Vying from Venice to Toronto

Israeli films will play a significant part in the fall film festival season

natalie portman311 (photo credit: Courtesy)
natalie portman311
(photo credit: Courtesy)
Nowhere will the Israeli presence be more front and center than at the Toronto International Film Festival, which began on September 9 and runs through the 19th. Two films that are nominated for Ophir Awards here – the prizes of the Israel Academy for Film and Television – will be facing off there as well: Avi Nesher’s The Matchmaker (previously known as Once IWas) and Eran Ricklis’s The Human Resources Manager. Both will be shown in Toronto as part of the ContemporaryWorld Cinema program, which features more than 50 films from around the world, including new works by such celebrated directors as TomTywker (Three) and Bent Hamer (Home for Christmas). Both Nesher’s and Ricklis’s films offer portraits of Israeli society that are not overtly political. Both directors have had success at home, as well as abroad – Nesher for Turn Left at the End of the World and The Secrets; Ricklis for The Syrian Bride and Lemon Tree.
Nesher will also be teaching in the LaboratoryWorkshop program at the Toronto festival, where he will work with 26 young filmmakers. Previous teachers in this workshop have included Terry Gilliam and the Dardenne brothers.
Shlomi Eldar’s documentary Precious Life, about an attempt to help a Palestinian cancer victim get treatment in Israel and the complex repercussions of that decision, will be shown at Toronto in the Real to Reel documentary category. Precious Life was sold to HBO and will be shown in the US. It was also presented at the Telluride Film Festival in Colorado, which ended three days ago.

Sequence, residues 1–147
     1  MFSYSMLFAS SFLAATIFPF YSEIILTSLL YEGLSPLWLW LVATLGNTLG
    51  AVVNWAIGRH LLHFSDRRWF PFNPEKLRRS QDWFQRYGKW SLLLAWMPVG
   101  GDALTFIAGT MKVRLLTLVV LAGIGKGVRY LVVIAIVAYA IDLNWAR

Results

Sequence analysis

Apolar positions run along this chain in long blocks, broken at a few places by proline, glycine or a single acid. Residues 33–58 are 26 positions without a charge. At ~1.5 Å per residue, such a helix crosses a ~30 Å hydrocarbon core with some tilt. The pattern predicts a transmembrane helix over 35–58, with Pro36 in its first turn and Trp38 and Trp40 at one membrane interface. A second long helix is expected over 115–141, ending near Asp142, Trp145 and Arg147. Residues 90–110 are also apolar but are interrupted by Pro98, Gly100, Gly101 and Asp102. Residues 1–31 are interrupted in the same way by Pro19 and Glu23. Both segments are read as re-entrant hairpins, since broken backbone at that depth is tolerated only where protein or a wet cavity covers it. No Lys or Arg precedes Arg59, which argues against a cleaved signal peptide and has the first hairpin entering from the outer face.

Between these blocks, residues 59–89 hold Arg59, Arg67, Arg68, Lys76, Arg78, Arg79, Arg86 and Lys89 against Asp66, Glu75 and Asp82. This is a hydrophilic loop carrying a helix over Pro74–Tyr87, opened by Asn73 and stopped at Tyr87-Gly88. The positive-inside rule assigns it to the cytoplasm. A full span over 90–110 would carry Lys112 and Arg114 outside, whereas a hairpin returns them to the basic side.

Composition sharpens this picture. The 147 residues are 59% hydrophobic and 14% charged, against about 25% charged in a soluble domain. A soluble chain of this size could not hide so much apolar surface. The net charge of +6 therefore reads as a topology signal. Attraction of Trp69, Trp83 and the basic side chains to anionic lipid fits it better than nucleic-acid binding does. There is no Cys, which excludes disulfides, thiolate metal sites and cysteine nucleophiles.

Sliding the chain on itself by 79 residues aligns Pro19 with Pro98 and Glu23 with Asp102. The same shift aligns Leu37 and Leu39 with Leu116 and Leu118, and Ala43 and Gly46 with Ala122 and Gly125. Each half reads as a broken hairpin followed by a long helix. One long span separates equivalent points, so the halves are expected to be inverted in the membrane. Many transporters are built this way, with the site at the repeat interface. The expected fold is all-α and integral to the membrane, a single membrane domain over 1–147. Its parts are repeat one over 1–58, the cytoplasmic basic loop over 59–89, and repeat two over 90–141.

It’s now been a year since Toronto presented a week of films from Tel Aviv, marking that city’s centennial, a move that prompted calls for them to cancel this program by a group of self-styled activists, including Danny Glover and Jane Fonda. The programmers refused to cave in, and the films were well attended (with many screenings sold out), no doubt partly due to the publicity that came from the call not to show them. It’s notable that this year again, Israeli movies have a prominent place at this festival, one of the world’s largest and one that is very important for filmmakers who want North American distribution for their films (and who doesn’t?).
Oddly, an English-language remake of an Israeli film, The Debt, is also debuting at Toronto.
Directed by John Madden (Shakespeare in Love), it stars Helen Mirren in a role originally played by Gila Almagor. The Israeli version, which was not a success here, told an unconvincing tale of three Mossad agents who kidnap a Nazi doctor hiding out in Germany in the 1960s, then let him escape. When he turns up in an old people’s home years later, they plot to kill him. The original drew giggles at the wrong moments, but maybe the British can do a better job.
An Israeli film, Samuel Maoz’s Lebanon, won the Venice International Film Festival last year, and this year Maoz is serving on one of the festival juries.
The Venice festival, which is on now and runs until September 11, features the Israeli film Naomi, directed by Eitan Zur. It tells the story of a professor who discovers his wife is having an affair.
Venice will also feature Julian Schnabel’s Miral, which has already generated buzz and controversy. The film, which is also showing at Toronto, is based on the true stories of several women at an orphanage for Palestinian girls after 1948. Freida Pinto, the star of Slumdog Millionaire, stars in it and filmed part of it in east Jerusalem. Israeli-Arab actress Hiam Abbass plays the founder of the orphanage.
Israeli-born actress Natalie Portman figures prominently in US director Darren Aronofsky’s Black Swan, which opened the Venice film festival and is also showing at Toronto.
Described as a psychological thriller, it tells the story of a ballet dancer obsessed with playing the lead in Swan Lake. The film has drawn mixed reviews, but Aronofsky’s The Wrestler with Mickey Rourke won top prize at the Venice Film Festival in 2008, so who knows?